Weekend Wrap for 4 July 2021

In another week dominated by news of COVID outbreaks, catch up here on the latest secular-related news from around the country in the NSL Weekend Wrap for 4 July 2021.

Don’t forget that the Weekend Wrap, which aims to help secular-minded Australians keep abreast of the latest news on current issues, is also published on our Facebook page!

At the National Level

Around the Country

WA: Terminally ill West Australians now have the ability to end their life legally after voluntary assisted dying laws came into effect on July 1, but just eight doctors have completed the training to provide access to the process, impacting regional access. (WA Today)

WA: Advocacy group Dying With Dignity and the Australian Medical Association comment that while the introduction of the system had been well-resourced, it would take time for the process to start working effectively, with a relatively low number of doctors having completed the required training. (The Australian)

WA: The Catholic Church in Western Australia has this week stated they "will not authorise any of our caregivers to be involved in any of the steps required for [clients] to access VAD". (Catholic Weekly)

NSW: Shoalhaven councillors have ignored claims of religious-based discrimination by blocking an investigation into the legality of imposing exclusively Christian prayers as part of government meetings. (Rationalist Society of Australia)

NSW: The peak body representing Buddhists in New South Wales has urged the Shoalhaven City Council to reconsider its decision to exclude non-Christian faiths from the opening prayer ritual at meetings. (Rationalist Society of Australia)

QLD: Israel Folau, previously fired from Rugby Australia for making public comments based on his religious beliefs viewed by many as being hateful, has been registered to play for the Southport Tigers in the Rugby League Gold Coast competition. (Star Observer)

Commentary and Analysis

Malcolm Knox writes on the "small number of churches and religious lobby organisations [who] are very vocal about their feeling that they are being silenced", saying that the deeply cynical politics surrounding a new push for the Religious Discrimination Bill will generate more, not less, persecution of the religious. (SMH)

In a webinar presentation on Wednesday night, Neil Francis said the data published in his Religiosity in Australia report undermine the widely accepted belief of a religious backlash against Labor and the attribution of its surprise 2019 federal election loss as being partly due to a disconnect with Christians. (Rationalist Society of Australia)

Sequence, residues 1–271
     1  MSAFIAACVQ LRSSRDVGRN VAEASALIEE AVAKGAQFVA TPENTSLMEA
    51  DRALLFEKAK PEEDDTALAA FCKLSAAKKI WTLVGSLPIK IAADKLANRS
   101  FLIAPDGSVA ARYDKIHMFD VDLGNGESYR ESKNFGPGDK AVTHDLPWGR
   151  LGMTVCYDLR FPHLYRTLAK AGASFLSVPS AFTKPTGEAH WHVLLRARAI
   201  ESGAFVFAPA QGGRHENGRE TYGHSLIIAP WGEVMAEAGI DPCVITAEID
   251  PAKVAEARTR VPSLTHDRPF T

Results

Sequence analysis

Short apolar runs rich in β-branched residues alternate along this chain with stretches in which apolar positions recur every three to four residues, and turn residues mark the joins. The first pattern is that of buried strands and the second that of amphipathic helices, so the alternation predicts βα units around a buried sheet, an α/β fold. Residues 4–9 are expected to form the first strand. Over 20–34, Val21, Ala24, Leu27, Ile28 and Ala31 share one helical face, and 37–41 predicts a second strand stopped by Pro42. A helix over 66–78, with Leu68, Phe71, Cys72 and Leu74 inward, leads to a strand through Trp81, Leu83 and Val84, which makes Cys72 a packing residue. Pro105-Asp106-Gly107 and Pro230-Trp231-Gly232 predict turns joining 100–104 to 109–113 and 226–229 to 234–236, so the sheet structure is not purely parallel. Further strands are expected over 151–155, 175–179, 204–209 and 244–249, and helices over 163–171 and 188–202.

George Grundy opines that the Prime Minister's religious faith has often come under criticism, which may be justified when it's linked to extremism and child abuse. (Independent Australia)

Alastair Lawrie writes on NSW One Nation MLC Mark Latham's Education Legislation Amendment (Parental Rights) Bill 2020 as "the worst legislative attack on LGBTI rights in Australia this century", suggesting the Bill could "also establish a UK ‘section 28’-style prohibition on positive references to anything at all to do with LGBT people". (alastairlawrie.net)

Bilal Cleland looks at how conspiracy theories and religion invade the political mainstream, both in the US and in Australia. (Independent Australia)

Neil Foster writes that a COVID restriction exemption granted to allow livestreamed singing in NSW church services was unnecessary as the activity would not have fallen under the restrictions in the first place. (Law and Religion Australia)

Monica Doumit, Director, Public Affairs and Engagement for the Catholic Archdiocese of Sydney, writes on Australia's ongoing "regressive" movement in increasing access to voluntary assisted dying and 'enabling killing'. (Catholic Weekly)

Events and Advisories

That's it for another week!

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